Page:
Copyright © 2006 jsd
Many high-school chemistry texts, general science texts, and similar authorities emphasize the distinction between “chemical” change and “physical” change. (Often the first lesson of the school year revolves around this distinction.) There is one major problem with this, and a long list of lesser problems.
There is a moose on the table, i.e. a fundamental dilemma that the authorities are apparently unable to resolve, or even to face squarely.
The books try to waltz around this fundamental dilemma. This produces all sorts of nonsense, including:
The problem is that all too commonly, the authorities give us rules that are grossly inconsistent with the examples they have given! Four such rules will be exhibited below.
This, alas, violates one of the most basic rules of scientific thinking. As discussed in reference 1, one should always consider all the data, or at least a fair sampling of the data. It is outrageous to base a rule on a handful of examples that have been selected or contrived to support the rule, while ignoring other examples that conflict with the rule. (See section 2 for examples relevant to the “chemical versus physical” discussion.)
The result is that students are being taught something that is a mockery of thinking and a travesty of science. They are learning a bunch of baloney that will have to be unlearned later. Any good teacher knows that unlearning something is an exceptionally difficult and unpleasant task.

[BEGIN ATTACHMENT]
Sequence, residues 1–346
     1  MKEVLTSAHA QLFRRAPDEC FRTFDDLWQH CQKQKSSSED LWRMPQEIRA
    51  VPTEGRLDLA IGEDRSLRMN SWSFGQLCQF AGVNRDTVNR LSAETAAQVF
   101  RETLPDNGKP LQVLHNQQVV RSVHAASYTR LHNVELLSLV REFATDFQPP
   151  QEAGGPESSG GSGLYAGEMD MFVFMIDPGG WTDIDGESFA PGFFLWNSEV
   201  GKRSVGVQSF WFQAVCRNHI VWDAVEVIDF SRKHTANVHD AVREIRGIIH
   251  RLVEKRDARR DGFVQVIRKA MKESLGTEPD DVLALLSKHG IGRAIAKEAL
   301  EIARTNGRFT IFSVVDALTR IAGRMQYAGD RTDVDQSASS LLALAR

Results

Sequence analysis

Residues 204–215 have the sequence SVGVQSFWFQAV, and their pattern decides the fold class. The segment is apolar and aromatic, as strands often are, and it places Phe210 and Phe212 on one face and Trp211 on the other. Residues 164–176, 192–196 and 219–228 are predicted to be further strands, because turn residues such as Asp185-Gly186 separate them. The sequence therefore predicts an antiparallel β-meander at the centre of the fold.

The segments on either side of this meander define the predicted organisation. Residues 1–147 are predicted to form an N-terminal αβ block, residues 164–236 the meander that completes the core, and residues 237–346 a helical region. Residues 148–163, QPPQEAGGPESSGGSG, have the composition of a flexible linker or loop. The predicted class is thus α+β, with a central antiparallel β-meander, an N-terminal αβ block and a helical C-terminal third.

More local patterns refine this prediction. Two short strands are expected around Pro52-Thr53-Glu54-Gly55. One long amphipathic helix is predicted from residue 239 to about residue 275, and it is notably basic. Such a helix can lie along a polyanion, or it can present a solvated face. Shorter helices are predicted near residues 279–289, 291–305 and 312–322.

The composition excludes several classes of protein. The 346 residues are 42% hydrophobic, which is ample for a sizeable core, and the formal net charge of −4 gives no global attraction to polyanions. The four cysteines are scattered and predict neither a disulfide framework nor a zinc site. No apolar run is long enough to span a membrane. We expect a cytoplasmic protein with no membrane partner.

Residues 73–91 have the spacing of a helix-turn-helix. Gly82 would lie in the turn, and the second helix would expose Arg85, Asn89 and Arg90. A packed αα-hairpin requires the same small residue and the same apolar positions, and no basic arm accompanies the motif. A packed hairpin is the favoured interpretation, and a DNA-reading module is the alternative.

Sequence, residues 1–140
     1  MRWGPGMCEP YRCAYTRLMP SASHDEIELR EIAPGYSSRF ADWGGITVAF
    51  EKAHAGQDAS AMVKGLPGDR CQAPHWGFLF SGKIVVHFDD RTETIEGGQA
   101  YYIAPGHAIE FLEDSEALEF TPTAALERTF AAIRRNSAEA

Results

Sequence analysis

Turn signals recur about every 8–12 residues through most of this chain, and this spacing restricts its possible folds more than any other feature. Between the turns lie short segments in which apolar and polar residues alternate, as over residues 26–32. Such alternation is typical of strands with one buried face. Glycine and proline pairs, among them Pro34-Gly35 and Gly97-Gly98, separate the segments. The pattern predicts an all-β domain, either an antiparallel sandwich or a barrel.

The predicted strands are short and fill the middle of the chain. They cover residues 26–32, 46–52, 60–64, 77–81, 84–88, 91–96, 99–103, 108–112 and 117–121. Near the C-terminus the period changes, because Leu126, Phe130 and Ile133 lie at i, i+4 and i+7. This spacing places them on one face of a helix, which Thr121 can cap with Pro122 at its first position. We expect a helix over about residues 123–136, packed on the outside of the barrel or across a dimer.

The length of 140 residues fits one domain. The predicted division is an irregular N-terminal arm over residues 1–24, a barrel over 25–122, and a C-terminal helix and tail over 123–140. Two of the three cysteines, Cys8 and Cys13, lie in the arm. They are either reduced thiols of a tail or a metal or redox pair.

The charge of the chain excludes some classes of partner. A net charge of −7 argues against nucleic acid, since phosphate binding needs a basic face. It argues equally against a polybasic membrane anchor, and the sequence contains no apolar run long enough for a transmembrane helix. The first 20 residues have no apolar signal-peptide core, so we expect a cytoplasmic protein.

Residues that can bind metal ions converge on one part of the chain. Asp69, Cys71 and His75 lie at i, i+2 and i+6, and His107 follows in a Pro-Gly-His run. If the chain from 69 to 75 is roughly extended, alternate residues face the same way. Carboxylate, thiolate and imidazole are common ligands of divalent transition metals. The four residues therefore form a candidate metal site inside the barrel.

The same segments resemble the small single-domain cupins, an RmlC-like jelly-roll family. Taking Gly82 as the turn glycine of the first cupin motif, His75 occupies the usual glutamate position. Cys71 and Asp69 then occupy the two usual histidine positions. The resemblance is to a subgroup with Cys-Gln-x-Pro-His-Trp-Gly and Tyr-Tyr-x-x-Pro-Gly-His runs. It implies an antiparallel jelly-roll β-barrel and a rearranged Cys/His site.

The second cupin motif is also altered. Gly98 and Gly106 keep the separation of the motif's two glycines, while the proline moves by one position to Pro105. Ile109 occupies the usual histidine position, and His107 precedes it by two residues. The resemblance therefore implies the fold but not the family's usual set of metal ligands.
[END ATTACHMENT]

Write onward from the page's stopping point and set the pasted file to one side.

Keep in mind that according to the authorities, the main point of the exercise is:
Fundamental Tenet: Naive students should be able, just by looking, to distinguish a “physical” change from a “chemical” change.
These authorities say this distinction is manifested in examples ... and also in rules that unify previous observations and predict future observations.
Let us begin with a few conventional, widely-used examples. I indicate using the † symbol the ones that are partially or completely incompatible with a logical approach to the subject.
|Casually mixing iron powder with sulfur powder is a physical change.||Reacting iron with sulfur to produce iron sulfide is a chemical change.|
|Cutting a piece of paper with scissors is a physical change.†||Burning a piece of paper is a chemical change.|
|Opening a valve so that some compressed gas rushes out of its container is a physical change.†||Mixing acid with baking soda so that some gas rushes out of the container is a chemical change.|
|Cooling a mixture of air and kerosene vapor so that liquid kerosene condenses out is a physical change.†||Burning a mixture of air and kerosene vapor is a chemical change.|